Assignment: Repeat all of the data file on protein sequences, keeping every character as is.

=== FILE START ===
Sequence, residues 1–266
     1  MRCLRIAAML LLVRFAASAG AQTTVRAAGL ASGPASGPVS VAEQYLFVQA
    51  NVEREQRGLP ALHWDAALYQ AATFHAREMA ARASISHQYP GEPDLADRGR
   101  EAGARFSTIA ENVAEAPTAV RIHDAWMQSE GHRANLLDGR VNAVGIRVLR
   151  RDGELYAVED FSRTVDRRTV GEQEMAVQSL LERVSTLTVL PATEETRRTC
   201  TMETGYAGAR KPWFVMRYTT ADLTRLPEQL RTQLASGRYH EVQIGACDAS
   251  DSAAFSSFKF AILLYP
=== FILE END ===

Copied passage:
Sequence, residues 1–266
     1  MRCLRIAAML LLVRFAASAG AQTTVRAAGL ASGPASGPVS VAEQYLFVQA
    51  NVEREQRGLP ALHWDAALYQ AATFHAREMA ARASISHQYP GEPDLADRGR
   101  EAGARFSTIA ENVAEAPTAV RIHDAWMQSE GHRANLLDGR VNAVGIRVLR
   151  RDGELYAVED FSRTVDRRTV GEQEMAVQSL LERVSTLTVL PATEETRRTC
   201  TMETGYAGAR KPWFVMRYTT ADLTRLPEQL RTQLASGRYH EVQIGACDAS
   251  DSAAFSSFKF AILLYP